Skip to comments.Alabama GOP Demands that Shelby Retract Support from Hagel
Posted on 02/25/2013 4:58:01 PM PST by Nachum
The Steering Committee of the Alabama Republican Party has taken the rare step of officially demanding that one of the states two GOP U.S. Senators change a publicly announced position in a high-profile Washington battle. Specifically, the state party leaders have passed a resolution demanding that Sen. Richard Shelby reconsider and reverse his decision to support Senator [Chuck] Hagel to be Secretary of Defense. The resolution, passed early this afternoon, blasts Hagel for statements favorable toward countries that we believe to be enemies of the United States of America, and also criticizes him for not being a supporter of Israel, the only dependable ally the United States of America has in that part of the world. It notes, too, that many Alabama citizens have expressed outrage at Senator Shelbys decision.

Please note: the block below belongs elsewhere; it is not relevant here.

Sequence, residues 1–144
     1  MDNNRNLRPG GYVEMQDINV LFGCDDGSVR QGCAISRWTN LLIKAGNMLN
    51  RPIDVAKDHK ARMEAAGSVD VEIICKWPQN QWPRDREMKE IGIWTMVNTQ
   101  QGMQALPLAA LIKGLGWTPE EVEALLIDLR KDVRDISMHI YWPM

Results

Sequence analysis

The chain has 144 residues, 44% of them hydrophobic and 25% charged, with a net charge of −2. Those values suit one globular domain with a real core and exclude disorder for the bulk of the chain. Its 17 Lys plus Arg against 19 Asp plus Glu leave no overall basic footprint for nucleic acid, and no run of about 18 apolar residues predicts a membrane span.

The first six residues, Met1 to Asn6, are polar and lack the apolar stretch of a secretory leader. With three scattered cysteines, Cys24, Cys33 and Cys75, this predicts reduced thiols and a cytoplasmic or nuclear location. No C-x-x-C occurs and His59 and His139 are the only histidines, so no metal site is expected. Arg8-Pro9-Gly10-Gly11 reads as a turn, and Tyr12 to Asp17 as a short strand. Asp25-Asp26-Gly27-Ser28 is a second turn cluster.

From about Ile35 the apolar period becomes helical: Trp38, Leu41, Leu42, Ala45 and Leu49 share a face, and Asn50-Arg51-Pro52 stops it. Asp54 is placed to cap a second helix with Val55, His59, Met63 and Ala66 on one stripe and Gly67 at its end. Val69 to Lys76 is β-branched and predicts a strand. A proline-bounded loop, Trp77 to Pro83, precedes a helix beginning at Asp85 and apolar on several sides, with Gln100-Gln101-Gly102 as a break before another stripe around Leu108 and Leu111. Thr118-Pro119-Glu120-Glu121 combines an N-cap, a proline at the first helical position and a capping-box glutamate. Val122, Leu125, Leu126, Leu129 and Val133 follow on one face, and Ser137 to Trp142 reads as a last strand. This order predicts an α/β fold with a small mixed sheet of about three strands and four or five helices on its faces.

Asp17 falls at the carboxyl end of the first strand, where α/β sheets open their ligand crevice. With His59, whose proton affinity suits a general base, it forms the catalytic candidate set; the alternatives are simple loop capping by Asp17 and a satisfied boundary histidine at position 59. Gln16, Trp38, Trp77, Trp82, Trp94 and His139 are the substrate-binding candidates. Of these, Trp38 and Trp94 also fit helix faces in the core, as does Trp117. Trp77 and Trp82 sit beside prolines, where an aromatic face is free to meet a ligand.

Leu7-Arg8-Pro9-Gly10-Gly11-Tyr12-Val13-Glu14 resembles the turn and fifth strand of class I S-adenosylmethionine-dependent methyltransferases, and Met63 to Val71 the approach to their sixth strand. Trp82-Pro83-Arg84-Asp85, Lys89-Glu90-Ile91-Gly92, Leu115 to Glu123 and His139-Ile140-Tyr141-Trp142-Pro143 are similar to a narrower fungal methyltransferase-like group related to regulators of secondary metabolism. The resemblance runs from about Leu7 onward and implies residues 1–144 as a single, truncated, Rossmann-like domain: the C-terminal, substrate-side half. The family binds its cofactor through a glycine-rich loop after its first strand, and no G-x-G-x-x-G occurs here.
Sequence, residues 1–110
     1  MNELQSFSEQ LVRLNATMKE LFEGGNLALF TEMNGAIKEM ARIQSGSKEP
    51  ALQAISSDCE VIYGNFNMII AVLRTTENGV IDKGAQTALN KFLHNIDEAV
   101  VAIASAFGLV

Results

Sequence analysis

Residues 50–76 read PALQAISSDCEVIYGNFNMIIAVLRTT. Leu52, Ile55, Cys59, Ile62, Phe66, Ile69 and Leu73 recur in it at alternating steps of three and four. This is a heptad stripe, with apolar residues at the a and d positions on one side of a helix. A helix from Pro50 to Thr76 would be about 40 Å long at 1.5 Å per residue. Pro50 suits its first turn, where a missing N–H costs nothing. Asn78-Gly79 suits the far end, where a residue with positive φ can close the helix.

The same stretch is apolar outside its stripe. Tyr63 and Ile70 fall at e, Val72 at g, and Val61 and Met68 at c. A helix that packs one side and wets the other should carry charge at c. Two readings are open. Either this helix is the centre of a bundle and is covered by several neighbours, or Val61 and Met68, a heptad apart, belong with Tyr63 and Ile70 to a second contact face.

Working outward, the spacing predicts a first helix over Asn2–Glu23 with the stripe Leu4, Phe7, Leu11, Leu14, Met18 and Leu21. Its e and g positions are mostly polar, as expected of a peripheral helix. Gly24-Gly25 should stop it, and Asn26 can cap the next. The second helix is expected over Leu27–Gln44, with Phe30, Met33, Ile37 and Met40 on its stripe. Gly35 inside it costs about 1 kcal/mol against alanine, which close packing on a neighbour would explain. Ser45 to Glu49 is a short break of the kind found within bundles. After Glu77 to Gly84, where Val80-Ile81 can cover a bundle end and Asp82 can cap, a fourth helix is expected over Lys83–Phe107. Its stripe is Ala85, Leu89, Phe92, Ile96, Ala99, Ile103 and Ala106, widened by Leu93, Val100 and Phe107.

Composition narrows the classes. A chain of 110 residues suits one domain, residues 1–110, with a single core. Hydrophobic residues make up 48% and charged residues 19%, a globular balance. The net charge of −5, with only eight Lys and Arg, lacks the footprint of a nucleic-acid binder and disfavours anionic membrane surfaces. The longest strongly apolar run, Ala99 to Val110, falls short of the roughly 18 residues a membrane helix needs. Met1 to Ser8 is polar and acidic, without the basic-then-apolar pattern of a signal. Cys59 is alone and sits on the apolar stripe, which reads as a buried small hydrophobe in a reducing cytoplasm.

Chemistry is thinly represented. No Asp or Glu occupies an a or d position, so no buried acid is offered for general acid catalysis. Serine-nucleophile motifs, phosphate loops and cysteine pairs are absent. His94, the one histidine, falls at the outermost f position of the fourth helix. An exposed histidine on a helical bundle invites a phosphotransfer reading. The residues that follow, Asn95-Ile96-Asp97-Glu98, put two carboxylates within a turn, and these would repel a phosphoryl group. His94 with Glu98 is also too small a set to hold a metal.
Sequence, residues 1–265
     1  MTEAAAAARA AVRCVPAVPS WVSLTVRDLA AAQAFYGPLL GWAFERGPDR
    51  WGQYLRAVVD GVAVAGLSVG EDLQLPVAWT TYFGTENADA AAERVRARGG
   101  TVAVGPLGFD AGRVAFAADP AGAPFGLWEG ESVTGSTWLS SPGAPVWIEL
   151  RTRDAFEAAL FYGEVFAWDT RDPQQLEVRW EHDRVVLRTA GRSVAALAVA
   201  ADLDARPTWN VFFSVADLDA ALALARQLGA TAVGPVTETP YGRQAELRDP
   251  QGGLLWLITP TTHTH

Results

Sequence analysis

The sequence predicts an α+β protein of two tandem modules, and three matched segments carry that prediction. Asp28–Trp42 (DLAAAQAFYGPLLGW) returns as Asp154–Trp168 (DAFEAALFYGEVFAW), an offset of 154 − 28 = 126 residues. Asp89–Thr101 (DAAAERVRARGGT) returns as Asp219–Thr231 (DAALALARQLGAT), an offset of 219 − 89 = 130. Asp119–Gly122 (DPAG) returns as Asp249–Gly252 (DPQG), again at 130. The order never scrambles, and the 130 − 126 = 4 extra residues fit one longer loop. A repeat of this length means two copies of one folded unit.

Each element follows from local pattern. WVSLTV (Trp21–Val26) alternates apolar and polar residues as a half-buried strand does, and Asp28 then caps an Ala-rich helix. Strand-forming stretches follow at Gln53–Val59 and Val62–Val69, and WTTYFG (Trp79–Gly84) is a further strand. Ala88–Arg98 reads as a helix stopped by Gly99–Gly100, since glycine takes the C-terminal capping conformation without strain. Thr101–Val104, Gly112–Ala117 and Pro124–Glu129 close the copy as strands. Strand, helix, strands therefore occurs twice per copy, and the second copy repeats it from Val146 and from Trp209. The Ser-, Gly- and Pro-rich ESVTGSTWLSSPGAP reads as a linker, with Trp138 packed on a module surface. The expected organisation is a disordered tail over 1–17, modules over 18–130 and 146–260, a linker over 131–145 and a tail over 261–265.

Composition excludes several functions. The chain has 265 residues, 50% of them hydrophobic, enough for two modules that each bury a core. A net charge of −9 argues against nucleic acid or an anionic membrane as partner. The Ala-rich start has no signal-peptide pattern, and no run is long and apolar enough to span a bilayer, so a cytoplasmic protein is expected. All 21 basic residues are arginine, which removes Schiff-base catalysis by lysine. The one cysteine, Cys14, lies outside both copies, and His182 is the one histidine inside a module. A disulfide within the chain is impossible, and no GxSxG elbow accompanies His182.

This is big stuff. Sen. Shelby is a powerful politician, and the state party long has been supportive of him. But his support of Hagel seems to really have created a backlash.
It has been an outpouring from people across the state, State Republican Chairman Bill Armistead told me. There have been phone calls from a lot of people, plus weve all been approached by people we know at churches and in our communities. I havent seen anything this strong in opposition to something done by one of our representatives in Congress in a long time.
(Armistead stressed that this does not indicate opposition to Shelby in general, but only that it was very strong opposition to this one decision.)
(Excerpt) Read more at spectator.org ...
Prime example of why the 17th Amendment needs repealed.
Why ? Do you want an even more liberal and statist Senate ?
He used to be a Dem if I’m not mistaken. I’m going to vote his ass out next time. Hope he has a challenger.
He’s not up until 2016.
More importantly, term limits need to be implemented.
More importantly, term limits need to be implemented.
I highly doubt the senate would be more liberal if appointed by state legislatures. As things are now, they are free agents, responsible to no one after winning a single race every six years.